Campus Wars: The Peace Movement At American State Universities in the Vietnam Era / Edition 1

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Overview

"At the same time that the dangerous war was being fought in the jungles of Vietnam, Campus Wars were being fought in the United States by antiwar protesters. Kenneth J. Heineman found that the campus peace campaign was first spurred at state universities rather than at the big-name colleges. His useful book examines the outside forces, like military contracts and local communities, that led to antiwar protests on campus."
—Herbert Mitgang, The New York Times

"Shedding light on the drastic change in the social and cultural roles of campus life, Campus Wars looks at the way in which the campus peace campaign took hold and became a national movement."
History Today

"Heineman's prodigious research in a variety of sources allows him to deal with matters of class, gender, and religion, as well as ideology. He convincingly demonstrates that, just as state universities represented the heartland of America, so their student protest movements illustrated the real depth of the anguish over US involvement in Vietnam. Highly recommended."
Choice

"Represents an enormous amount of labor and fills many gaps in our knowledge of the anti-war movement and the student left."
—Irwin Unger, author of These United States

The 1960s left us with some striking images of American universities: Berkeley activists orating about free speech atop a surrounded police car; Harvard SDSers waylaying then-Secretary of Defense Robert McNamara; Columbia student radicals occupying campus buildings; and black militant Cornell students brandishing rifles, to name just a few. Tellingly, the most powerful and notorious image of campus protest is that of a teenage runaway, arms outstretched in anguish, kneeling beside the bloodied corpse of Jeff Miller at Kent State University.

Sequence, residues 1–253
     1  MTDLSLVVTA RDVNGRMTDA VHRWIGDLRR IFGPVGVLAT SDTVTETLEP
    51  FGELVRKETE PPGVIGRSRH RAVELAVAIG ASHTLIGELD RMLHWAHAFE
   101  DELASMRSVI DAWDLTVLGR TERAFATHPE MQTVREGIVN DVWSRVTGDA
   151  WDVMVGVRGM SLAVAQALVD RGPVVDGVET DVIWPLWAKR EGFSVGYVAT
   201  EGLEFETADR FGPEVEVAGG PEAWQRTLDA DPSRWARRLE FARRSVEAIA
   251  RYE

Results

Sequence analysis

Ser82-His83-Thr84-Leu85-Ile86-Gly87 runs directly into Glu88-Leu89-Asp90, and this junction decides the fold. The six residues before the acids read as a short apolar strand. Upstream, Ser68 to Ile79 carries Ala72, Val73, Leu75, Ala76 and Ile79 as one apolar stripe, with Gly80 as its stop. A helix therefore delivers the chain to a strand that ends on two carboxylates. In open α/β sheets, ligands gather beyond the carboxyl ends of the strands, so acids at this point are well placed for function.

While much attention has been paid to the role of elite schools in fomenting student radicalism, it was actually at state institutions, such as Kent State, Michigan State, SUNY, and Penn State, where anti-Vietnam war protest blossomed. Kenneth Heineman has pored over dozens of student newspapers, government documents, and personal archives, interviewed scores of activists, and attended activist reunions in an effort to recreate the origins of this historic movement. In Campus Wars, he presents his findings, examining the involvement of state universities in military research — and the attitudes of students, faculty, clergy, and administrators thereto — and the manner in which the campus peace campaign took hold and spread to become a national movement. Recreating watershed moments in dramatic narrative fashion, this engaging book is both a revisionist history and an important addition to the chronicle of the Vietnam War era.

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Editorial Reviews

Booknews
Heineman examined student newspapers, government documents, and personal archives, interviewed activists, and attended activist reunions to recreate the origins of the anti-Vietnam War movement at state institutions. He here presents his findings, examining the involvement of state universities in military research--and the attitudes of students, faculty, clergy, and administrators thereto-- and the manner in which the campus peace campaign took hold and spread to become a national movement. Annotation c. Book News, Inc., Portland, OR (booknews.com)
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Product Details

  • ISBN-13: 9780814735121
  • Publisher: New York University Press
  • Publication date: 5/1/1994
  • Edition description: New Edition
  • Edition number: 1
  • Pages: 366
  • Product dimensions: 5.89 (w) x 8.94 (h) x 0.91 (d)

Meet the Author

Kenneth J. Heineman is Professor of History and Department Chair at Angelo State University. He is the author of Campus Wars: The Peace Movement At American State Universities in the Vietnam Era (NYU Press, 1992), God Is a Conservative: Religion, Politics, and Morality in Contemporary America (NYU Press, 1998), A Catholic New Deal: Religion and Reform in Depression Pittsburgh, and Put Your Bodies Upon The Wheels: Student Revolt in the 1960s.

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Table of Contents

List of Tables
Acknowledgments
List of Abbreviations
Introduction 1
Pt. 1 "A New Generation of Americans..." 11
1 "Bastions of Our Defense": Cold War University Administrators 13
2 "Those People Would Do the Damndest Things": Faculty Peace Activists 42
3 "The Genius of a Nation": Student Dissenters 76
Pt. 2 "Tempered by War..." 127
4 "Let Us Try to Succeed with Reason": 1965-1967 129
5 "You Don't Need a Weatherman": 1968-1969 182
Pt. 3 "Disciplined by a Hard and Bitter Peace" 235
6 "Tin Soldiers and Nixon's Coming": 1970 237
Epilogue: "We Stand against Fear, Hate, Systems, and Structures Not in the Service of Man": Legacies of Protest 257
Notes 275
Bibliography 315
Index 327
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